scorecardresearch Skip to main content

Advocates call for temporary barriers on R.I.’s iconic bridges

Bridging the Gap for Healing and Safety says interim step needed as officials pursue permanent means of preventing accidental and deliberate bridge deaths

The Mount Hope Bridge, opened in 1929, connects the Rhode Island towns of Bristol and Portsmouth as it soars over the waters of Narragansett Bay.Lane Turner/Globe Staff

PROVIDENCE — Advocates on Friday called for state officials to install temporary barriers while awaiting a more permanent means of trying to prevent suicides from the Newport Pell, Jamestown Verrazzano, Mount Hope, and Sakonnet River bridges.

In July, the Rhode Island Turnpike and Bridge Authority began seeking proposals from qualified consulting firms to perform a “conceptual study and analysis” of suicide prevention measures for the four bridges. Proposals were due in September, with the award of the contract contingent on funding.

But in the meantime, Bridging the Gap for Healing and Safety, a local advocacy group, is pressing for temporary physical barriers to be installed while the studies, bidding, and legislative processes continue.


“We actually have the tools, following federal and state safety standards, to stop accidental and deliberate bridge deaths,” the group’s co-founders, Bryan Ganley and Melissa J. Cotta, said in a statement. “In the interim, while we wait for permanent barriers to be installed, the time is now to make our bridges safer by installing temporary barriers.”

They are asking Governor Daniel J. McKee, House and Senate leaders, the Rhode Island Turnpike and Bridge Authority, and the state Department of Transportation “to not let one more death happen and to order temporary barriers installed today.” They said, “When we do this for Rhode Island, we will be a model for the world.”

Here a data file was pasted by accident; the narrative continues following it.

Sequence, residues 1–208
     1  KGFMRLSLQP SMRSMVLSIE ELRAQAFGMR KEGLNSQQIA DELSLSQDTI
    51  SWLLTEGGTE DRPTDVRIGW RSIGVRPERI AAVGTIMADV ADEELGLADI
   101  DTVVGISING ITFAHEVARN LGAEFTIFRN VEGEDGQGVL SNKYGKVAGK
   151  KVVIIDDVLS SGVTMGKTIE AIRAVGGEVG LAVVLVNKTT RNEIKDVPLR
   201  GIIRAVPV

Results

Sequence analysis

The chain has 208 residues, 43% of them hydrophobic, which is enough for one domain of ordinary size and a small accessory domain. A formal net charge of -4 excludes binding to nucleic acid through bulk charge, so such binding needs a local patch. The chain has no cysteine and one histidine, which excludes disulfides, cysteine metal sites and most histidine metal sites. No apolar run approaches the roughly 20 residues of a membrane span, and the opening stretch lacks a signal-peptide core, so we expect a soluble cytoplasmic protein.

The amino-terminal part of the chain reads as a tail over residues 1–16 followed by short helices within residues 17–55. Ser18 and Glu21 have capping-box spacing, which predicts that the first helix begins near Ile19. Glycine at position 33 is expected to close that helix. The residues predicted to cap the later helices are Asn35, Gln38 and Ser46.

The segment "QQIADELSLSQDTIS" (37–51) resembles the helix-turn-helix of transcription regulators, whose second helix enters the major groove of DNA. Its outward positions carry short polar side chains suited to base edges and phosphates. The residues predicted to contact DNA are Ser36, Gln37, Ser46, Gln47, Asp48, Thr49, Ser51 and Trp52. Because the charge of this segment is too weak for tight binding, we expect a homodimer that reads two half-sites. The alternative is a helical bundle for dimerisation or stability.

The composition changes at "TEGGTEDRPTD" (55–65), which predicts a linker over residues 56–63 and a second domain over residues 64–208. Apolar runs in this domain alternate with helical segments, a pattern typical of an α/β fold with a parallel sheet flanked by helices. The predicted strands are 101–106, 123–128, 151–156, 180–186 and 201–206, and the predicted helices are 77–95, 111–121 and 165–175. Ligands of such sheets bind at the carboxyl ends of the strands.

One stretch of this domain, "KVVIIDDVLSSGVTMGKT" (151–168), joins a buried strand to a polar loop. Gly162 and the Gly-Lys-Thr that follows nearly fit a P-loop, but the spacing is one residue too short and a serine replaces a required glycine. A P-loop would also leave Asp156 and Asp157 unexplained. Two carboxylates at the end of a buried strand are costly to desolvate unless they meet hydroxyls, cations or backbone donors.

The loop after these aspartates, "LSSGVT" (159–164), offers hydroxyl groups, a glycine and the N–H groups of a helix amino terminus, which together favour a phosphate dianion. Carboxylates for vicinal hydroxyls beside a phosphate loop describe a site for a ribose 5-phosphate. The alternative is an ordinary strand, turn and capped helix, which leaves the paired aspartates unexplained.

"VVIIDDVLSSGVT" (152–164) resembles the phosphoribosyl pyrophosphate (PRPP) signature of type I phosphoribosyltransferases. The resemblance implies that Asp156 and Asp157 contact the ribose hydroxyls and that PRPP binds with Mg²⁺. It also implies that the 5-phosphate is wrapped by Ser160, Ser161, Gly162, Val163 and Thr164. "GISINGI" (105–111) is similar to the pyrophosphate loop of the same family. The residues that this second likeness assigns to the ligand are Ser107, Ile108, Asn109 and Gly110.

Ganley, a 40-year volunteer for The Samaritans of Rhode Island, has been advocating for suicide-prevention barriers on local bridges since the 1980s, when a friend took his own life. As a 15-year member of the Heat and Frost Insulators Union based in Boston, he said he knows potential falls from bridges would not be tolerated for workers of the Rhode Island Turnpike and Bridge Authority or the state Department of Transportation.

“In the construction industry throughout the world, the goal is zero injuries,” Ganley said. “Falls would be prevented through the installation of temporary barriers and employee equipment designed to prevent falls, injuries and deaths.”


He said a dozen people have jumped from the four bridges over the past year.

“Those bridges have become a public safety issue to the people of Rhode Island,” Ganley said. “They need to make their bridges safe. It’s unacceptable. We are not going to let up.”

The group said Representative Joseph J. Solomon Jr. and Senator Louis P. DiPalma are expected to reintroduce legislation this session that would require “a safety barrier and/or safety netting” on the four bridges.

As of Friday, 4,131 people had signed an online petition asking for barriers to be installed.

“Our next goal is 5,000,” Cotta said. “The comments written on the petition in support of barriers are heartbreaking. The comments bear witness to just a fraction of what the families, friends, neighbors, co-workers, and first responders experience, not only when a death from a bridge occurs, but for a lifetime.”

DiPalma, a Middletown Democrat, said the Turnpike and Bridge Authority has chosen a company to do the engineering and design work for barriers on the four bridges, and that work will cost about $1.5 million.

“They are ready to go, awaiting the money,” DiPalma said, explaining that potential funding sources include the federal infrastructure bill, federal American Rescue Plan Act funding, or the state’s $618.4 million budget surplus. More money would be needed to install the barriers, but DiPalma said, “You have to start somewhere.”


The idea of temporary barriers is “worth considering,” DiPalma said. “And we need to keep our focus on getting the permanent barriers designed and constructed and in place.”

Solomon, a Warwick Democrat, said he and DiPalma have drafted bills regarding the bridge barriers and they will be introduced next week.

“If we could put up the barriers tomorrow, I’d support it,” he said. “There’s really no time to waste. Every life counts.”

Edward Fitzpatrick can be reached at Follow him @FitzProv.